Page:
The palmation appears to be more marked in North American Moose (Alces alces americanus) than in the typical Scandinavian Elk. The largest of all is the Alaskan subspecies (Alces alces gigas), which can stand over 2.1 m (7 ft) in height, with a span across the antlers of 1.8 m (6 ft). Typically, however, the antlers of a mature specimen are between 1.2 m (3.9 ft) and 1.5 m (4.9 ft).
The male will drop its antlers after mating season in order to conserve energy for the winter. A new set of antlers will then regrow in the spring. Antlers take three to five months to fully develop, making them one of the fastest growing organs in the world. They initially have a layer of skin called felt which is shed off once the antlers become fully grown. Immature bulls may not shed their antlers for the winter but instead retain them until the following spring.
If a bull moose is castrated, either due to accidental or chemical means, he will quickly shed his current set of antlers and then immediately begin to grow a new set of misshapen and deformed antlers that he will wear the rest of his life without ever shedding again. The distinctive looking appendages (often referred to as "devil's antlers") are the source of several myths and legends among many groups of Inuit as well as several other tribes of indigenous peoples of North America.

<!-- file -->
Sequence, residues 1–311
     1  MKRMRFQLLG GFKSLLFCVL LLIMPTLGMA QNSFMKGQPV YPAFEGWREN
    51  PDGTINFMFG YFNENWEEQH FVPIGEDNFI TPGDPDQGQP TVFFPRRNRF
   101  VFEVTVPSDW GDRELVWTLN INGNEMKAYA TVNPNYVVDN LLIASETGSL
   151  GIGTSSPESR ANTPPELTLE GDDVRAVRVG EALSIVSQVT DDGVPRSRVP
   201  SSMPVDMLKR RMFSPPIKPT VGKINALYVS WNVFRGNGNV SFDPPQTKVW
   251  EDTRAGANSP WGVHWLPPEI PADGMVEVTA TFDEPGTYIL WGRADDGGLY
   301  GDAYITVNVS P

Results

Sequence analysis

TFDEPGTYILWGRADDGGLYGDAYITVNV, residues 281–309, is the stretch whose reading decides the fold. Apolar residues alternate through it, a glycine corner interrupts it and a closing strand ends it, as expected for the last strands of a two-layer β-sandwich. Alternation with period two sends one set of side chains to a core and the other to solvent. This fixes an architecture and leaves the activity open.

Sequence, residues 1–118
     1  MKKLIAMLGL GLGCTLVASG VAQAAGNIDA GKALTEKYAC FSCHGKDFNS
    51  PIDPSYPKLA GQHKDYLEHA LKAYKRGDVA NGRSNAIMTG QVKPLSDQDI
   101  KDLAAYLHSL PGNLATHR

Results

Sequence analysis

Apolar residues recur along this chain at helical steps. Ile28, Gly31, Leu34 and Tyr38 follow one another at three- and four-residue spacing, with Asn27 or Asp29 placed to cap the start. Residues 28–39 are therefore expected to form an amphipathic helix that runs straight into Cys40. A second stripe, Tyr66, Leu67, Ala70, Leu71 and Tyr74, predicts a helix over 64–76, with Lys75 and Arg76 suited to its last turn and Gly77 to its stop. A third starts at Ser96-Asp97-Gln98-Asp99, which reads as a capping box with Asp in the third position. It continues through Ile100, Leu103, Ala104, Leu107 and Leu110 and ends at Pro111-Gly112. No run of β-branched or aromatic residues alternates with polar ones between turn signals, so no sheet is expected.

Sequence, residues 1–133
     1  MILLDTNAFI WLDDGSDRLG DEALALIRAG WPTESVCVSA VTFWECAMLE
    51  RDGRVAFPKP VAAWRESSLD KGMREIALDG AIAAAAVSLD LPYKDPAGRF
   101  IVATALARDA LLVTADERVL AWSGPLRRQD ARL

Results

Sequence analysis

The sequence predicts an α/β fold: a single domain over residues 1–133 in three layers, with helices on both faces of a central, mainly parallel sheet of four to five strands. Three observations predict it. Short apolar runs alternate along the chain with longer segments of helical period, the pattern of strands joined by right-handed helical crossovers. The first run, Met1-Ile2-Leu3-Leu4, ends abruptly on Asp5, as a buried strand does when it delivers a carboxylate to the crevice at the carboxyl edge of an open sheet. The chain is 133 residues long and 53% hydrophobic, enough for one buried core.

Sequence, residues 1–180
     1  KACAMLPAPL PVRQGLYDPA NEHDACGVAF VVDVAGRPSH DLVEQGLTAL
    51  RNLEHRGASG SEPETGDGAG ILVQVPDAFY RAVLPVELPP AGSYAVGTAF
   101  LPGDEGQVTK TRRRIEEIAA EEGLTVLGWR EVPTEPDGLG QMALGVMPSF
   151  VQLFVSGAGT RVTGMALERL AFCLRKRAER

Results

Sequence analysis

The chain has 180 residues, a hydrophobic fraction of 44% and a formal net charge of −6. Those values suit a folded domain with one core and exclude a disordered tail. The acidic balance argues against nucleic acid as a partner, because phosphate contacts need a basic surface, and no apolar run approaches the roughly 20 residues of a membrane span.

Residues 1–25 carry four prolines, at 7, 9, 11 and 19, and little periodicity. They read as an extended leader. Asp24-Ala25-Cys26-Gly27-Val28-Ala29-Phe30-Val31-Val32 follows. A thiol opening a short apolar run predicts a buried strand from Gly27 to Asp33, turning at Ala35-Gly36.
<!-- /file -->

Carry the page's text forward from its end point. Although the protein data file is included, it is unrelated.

Average size and weight

On average, an adult moose stands 1.8–2.1 m (6–7 ft) high at the shoulder. Males weigh 380–720 kg (850–1180 pounds) and females weigh 270–360 kg (600–800  pounds). The largest confirmed size for this species was a bull shot at the Yukon River in September 1897 weighing 818 kg (1,800 lb) and was 233 cm (92 in) tall at the shoulder.

Social structure and reproduction

Moose are mostly diurnal. They are generally solitary with the strongest bonds between mother and calf. Calves are also referred to as Mooselings. Two individuals can sometimes be found feeding along the same stream.
Mating occurs in September and October. Males will fight for access to females. They will either assess which is larger, and the smaller bull retreats, or they may engage in battles that can turn violent. Female moose have an eight month gestation period. Most litters consist of a single calf; however, twins are not uncommon and triplets are known to occur. The young will stay with the mother until the next young are born.

Natural predators

A full-grown moose has few enemies, but a pack of wolves can still pose a threat, especially to females with calves. Siberian Tigers and Grizzly Bear are also known to prey on moose, although bears are more likely to take over a wolf kill than to hunt moose on their own.

Meat as a source of nutrition

Moose are hunted as a game species in many of the countries where they are found. Moose meat tastes, wrote Henry David Thoreau in “The Maine Woods”, “like tender beef, with perhaps more flavour; sometimes like veal”. While the flesh has similar protein levels to other comparable red meats (e.g. beef, deer and elk) it has a low fat content and the fat that is found is made up of a higher proportion of polyunsaturated fats (rather than saturated fats).